India’s HAL Tejas fighter jet

HAL Tejas is an indigenous light-weight, single-engine, multi-role fighter jet designed and developed by the Aeronautical Development Agency (ADA) in collaboration with Hindustan Aeronautics Limited (HAL) in India. The development of the Tejas began in the 1980s, and the first prototype was flown in 2001.

The Tejas is a fourth-generation fighter jet that features state-of-the-art avionics, fly-by-wire flight control system, digital flight control computer, and an advanced cockpit with multi-functional displays. The aircraft is designed to be highly maneuverable and can carry a variety of weapons, including air-to-air missiles, air-to-surface missiles, and precision-guided munitions.

The Tejas has a length of 13.2 meters, a wingspan of 8.2 meters, and a maximum takeoff weight of 13,500 kg. It is powered by a single General Electric F404-GE-IN20 turbofan engine, which provides a maximum speed of Mach 1.8 and a maximum range of 3,000 km.

The Tejas has been inducted into the Indian Air Force (IAF) and has already been used in various combat and training missions. The aircraft has undergone several upgrades, including the addition of new weapons, avionics, and electronic warfare systems. The latest version of the Tejas, the Tejas Mk-1A, features several upgrades, including an active electronically scanned array (AESA) radar, a mid-air refueling capability, and an enhanced electronic warfare suite.

Overall, the HAL Tejas is a crucial component of India’s indigenous defense capabilities and has received global recognition as a cost-effective and capable fighter jet.

Why Tejas has a delta wing?

The HAL Tejas has a delta wing design, which is a triangular-shaped wing configuration that lacks the traditional wing-fuselage join. The delta wing design offers several advantages over conventional wing designs.

Tejas delta wing design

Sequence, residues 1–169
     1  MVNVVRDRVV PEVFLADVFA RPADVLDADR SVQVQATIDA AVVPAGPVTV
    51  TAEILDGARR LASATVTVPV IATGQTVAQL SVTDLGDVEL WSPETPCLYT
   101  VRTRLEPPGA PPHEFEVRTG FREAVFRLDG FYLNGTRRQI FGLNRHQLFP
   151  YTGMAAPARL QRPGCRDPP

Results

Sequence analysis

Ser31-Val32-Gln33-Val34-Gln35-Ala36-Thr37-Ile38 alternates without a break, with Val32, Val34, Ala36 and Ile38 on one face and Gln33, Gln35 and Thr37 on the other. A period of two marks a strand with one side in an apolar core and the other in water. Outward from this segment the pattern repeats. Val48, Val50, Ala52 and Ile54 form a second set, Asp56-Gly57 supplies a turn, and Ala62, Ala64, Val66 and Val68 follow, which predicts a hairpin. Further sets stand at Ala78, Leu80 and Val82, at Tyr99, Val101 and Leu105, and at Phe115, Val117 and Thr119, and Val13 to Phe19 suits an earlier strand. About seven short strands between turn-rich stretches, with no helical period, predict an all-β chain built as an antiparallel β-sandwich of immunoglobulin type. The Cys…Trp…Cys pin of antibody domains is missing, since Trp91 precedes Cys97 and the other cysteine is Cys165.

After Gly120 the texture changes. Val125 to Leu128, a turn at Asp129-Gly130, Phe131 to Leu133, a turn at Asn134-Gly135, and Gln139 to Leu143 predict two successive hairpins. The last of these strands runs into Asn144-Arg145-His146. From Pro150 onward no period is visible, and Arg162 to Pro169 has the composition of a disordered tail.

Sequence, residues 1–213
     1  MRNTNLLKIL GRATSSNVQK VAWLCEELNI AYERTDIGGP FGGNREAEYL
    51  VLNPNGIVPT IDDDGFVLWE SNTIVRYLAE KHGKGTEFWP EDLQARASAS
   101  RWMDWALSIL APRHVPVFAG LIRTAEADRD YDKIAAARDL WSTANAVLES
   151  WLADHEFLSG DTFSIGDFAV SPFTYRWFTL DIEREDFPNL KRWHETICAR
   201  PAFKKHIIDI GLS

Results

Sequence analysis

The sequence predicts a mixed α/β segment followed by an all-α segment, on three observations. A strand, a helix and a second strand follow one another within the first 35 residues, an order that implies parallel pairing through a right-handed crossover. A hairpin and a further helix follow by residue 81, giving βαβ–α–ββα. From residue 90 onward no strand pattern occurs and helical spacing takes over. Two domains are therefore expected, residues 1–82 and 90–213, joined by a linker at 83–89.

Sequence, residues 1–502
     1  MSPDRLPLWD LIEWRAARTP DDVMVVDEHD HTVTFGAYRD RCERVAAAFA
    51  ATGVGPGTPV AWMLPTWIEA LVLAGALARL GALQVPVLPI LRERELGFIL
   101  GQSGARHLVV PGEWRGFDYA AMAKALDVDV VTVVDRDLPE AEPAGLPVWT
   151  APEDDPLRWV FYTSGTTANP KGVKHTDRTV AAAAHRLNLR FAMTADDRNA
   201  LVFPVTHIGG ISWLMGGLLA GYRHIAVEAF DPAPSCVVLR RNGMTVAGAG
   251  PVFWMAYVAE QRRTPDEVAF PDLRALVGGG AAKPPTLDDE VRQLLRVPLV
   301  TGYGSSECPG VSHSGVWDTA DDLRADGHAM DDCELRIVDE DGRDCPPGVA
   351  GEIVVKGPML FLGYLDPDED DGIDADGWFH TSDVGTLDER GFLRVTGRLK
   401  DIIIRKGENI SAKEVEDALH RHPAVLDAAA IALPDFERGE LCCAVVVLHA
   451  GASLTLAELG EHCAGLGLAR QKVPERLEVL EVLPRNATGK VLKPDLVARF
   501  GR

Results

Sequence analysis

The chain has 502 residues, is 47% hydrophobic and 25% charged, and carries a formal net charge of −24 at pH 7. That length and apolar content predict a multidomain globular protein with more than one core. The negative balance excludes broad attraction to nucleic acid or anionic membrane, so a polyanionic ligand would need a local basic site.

One of the main advantages of a delta wing design is that it provides high maneuverability and agility, making it well-suited for air-to-air combat and close air support missions. The Tejas has a high angle of attack and is capable of making sharp turns and quick direction changes, which allows it to outmaneuver its adversaries.

Another advantage of the delta wing design is that it provides a large internal volume for fuel storage and weapons carriage. This allows the Tejas to carry a larger payload of weapons and fuel, giving it greater range and endurance. Additionally, the delta wing provides a larger surface area for mounting sensors and electronic warfare equipment, which enhances the aircraft’s situational awareness and self-protection capabilities.

Overall, the delta wing design offers a good balance of high maneuverability, weapon-carrying capability, and aerodynamic efficiency, making it a suitable choice for a lightweight fighter aircraft like the Tejas.

How many Tejas aircraft India has?

Presently, the Indian Air Force (IAF) had inducted around 34 HAL Tejas aircraft, including both the Initial Operational Clearance (IOC) and Final Operational Clearance (FOC) variants.

In addition, the IAF had placed orders for 83 Tejas Mk-1A, which is an upgraded version of the Tejas with several advanced features such as an AESA radar, mid-air refueling capability, and an enhanced electronic warfare suite. The production of these aircraft is underway, and the IAF is expected to receive the first Tejas Mk-1A in 2024.

Apart from the IAF, the Indian Navy is also planning to induct a naval version of the Tejas, known as the Tejas Naval, which is currently under development. The Tejas Naval is expected to operate from aircraft carriers and provide air defense and strike capabilities to the Indian Navy.

Has India sold Tejas aircraft to any foreign country?

India had not yet sold any HAL Tejas aircraft to foreign countries. However, there has been interest from several countries in the Tejas, and the Indian government and HAL have been actively promoting the aircraft for export.